Calf health challenges are costly and widespread. And despite improving vaccinations, management practices and genetics, USDA feedlot data shows respiratory challenges aren’t decreasing.
“One in five head1 is affected by respiratory challenges, costing the beef industry about $1 billion annually,"2, 3 says Ron Scott, Ph.D. and beef technical innovations director at Purina Animal Nutrition. “It’s a staggering economic loss, but overcoming it starts at the producer level.”
How much do respiratory challenges cost your operation? Let’s explore.
A cost of up to $75 per calf
Studies show a health challenge could cut a calf’s rate of gain in half for 30 days or more. Assuming healthy calves gain around 3 pounds per day, that’s 45 potential pounds lost per calf.
“And guess what? Health-challenged calves don't catch up,” says Scott. “If days on feed is equal, you’ve lost 45 pounds of out-weight compared to a healthy calf.”
Based on a $1.00 per pound market price, that’s $45 of lost profit per calf. Add an extra $30 for time and money to care for the calf,4 and each health-challenged calf can cost approximately $75.
But, there’s more to the story – beyond the obvious numbers, respiratory challenges can come with longer-term consequences that often go unnoticed.
“Following the same math, if a health-challenged heifer gets bred the first time, she’ll calve 45 pounds lighter than her contemporaries,” says Scott. “And she’s still growing, so it takes more time and energy for her to catch up body condition post-calving.”
A first-calf heifer that is playing catch-up on body condition will have a hard time getting bred back. If she does breed back, it will probably be later in the breeding season. And, the later she gets bred, the further she will fall behind in subsequent breeding seasons.
Additionally, producers who retain ownership could miss out on profit for every health-challenged calf they send to the feedlot.
“Cattle never diagnosed with respiratory challenges have heavier carcasses and more muscle on the rail, meaning a more valuable carcass,”5 says Scott. “But even if you don’t retain ownership, calf health status affects your reputation as a cow/calf producer.”
Healthy cattle build a positive reputation with cattle buyers. A good reputation can result in better prices and less time spent marketing.
Proactive calf health strategies and innovative technology can make having more healthy calves a reality.
Support calves’ immune systems
A focus on calf health should start well before weaning with cow nutrition, proper sanitation, vaccination and low-stress weaning methods.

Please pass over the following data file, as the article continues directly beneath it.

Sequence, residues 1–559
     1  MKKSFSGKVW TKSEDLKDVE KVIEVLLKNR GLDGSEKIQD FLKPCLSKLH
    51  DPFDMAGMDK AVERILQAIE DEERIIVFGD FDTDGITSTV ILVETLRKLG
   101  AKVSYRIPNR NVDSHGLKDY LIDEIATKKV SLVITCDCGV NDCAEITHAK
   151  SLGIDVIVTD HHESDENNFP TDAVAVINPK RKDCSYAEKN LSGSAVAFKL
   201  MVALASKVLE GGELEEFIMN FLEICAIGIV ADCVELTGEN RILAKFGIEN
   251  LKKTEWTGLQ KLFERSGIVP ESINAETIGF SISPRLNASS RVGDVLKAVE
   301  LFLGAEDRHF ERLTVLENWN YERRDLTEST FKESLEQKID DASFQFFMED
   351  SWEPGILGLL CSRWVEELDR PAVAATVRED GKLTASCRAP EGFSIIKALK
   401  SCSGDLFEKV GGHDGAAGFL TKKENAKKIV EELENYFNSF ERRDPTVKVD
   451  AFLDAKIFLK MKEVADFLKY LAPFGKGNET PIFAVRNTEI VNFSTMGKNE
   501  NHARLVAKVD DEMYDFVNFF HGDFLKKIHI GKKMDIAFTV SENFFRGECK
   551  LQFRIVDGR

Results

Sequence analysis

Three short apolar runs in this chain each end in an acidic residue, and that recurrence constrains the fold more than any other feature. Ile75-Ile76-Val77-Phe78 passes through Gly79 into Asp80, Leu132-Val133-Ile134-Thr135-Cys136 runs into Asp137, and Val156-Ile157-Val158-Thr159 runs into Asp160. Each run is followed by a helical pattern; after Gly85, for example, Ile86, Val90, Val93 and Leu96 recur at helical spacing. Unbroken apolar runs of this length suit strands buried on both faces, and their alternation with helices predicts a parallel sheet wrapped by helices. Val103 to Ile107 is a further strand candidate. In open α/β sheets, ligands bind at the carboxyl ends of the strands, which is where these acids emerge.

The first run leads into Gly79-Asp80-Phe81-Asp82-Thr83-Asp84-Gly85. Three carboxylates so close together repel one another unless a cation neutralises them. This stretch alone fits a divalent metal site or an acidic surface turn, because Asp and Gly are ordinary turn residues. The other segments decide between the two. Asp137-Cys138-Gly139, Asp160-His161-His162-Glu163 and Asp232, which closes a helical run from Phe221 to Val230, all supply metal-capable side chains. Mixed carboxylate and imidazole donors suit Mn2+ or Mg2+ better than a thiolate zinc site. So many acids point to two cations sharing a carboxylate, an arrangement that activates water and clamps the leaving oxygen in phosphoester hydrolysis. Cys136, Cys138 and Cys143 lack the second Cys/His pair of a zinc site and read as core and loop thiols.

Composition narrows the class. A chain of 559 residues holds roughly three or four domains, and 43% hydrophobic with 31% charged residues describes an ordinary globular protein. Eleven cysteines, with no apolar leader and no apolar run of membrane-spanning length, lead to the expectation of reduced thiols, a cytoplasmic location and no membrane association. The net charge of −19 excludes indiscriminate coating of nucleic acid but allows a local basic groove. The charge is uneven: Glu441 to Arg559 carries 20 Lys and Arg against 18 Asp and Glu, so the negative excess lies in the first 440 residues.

But, weaning-time stressors combined with a still-developing immune system lower calves’ ability to fight back against disease. That’s why it’s critical to support calves’ immune systems during times of high stress.
A quality, palatable starter feed will get calves eating quickly post-weaning. When calves are eating, their immune systems strengthen, and they have a better chance of staying healthy through weaning. Some starter feeds even come with immune support built in.
An effective starter feed should:
- Drive calves to start and continue eating
- Maintain calf energy and protein reserves
- Build rumen microbe populations
- Maintain immune status for fewer sick calves
- Support calf performance
When making your starter feed selection, ask questions about palatability and request intake research. Don’t settle for the least expensive option – it might be cheaper up front, but it could also be less effective. Ask for a starter feed that supports calf immune systems.
Ready to give your calves a weaning-time boost? Visit purinamills.com/weaning.
1 Brooks KR, Raper KC, Ward CE, Holland BP, Krehbiel CR, Step DL. Economic effects of bovine respiratory disease on feedlot cattle during backgrounding and finishing phases. Stillwater (OK): Oklahoma State University. Report No.: P-1027. Accessed May 5, 2017. Available from: http://pods.dasnr.o - kstate.edu/docushare/dsweb/Get/Document-6830/P-1027%20Economic%20Effect%20of%20BRD1.pdf.
2 Brodersen BW. Bovine respiratory syncytial virus. Vet Clin North Am Food Anim Pract. 2010;26(2):323-333.
3 Griffin D, Chengappa MM, Kuszak J, McVey DS. Bacterial pathogens of the bovine respiratory disease complex. Vet Clin North Am Food Anim Pract. 2010;26(2):381-394.
4 Assumes a $25 medication cost and $5 labor cost (average hourly wage of $15 and around 20 minutes per calf).
5 Schneider MJ, Tait RG, Busby WD, Reecy JM. An evaluation of bovine respiratory disease complex in feedlot cattle: impact on performance and carcass traits using treatment records and lung lesion scores. J. Anim. Sci. 2009;87:1821-1827.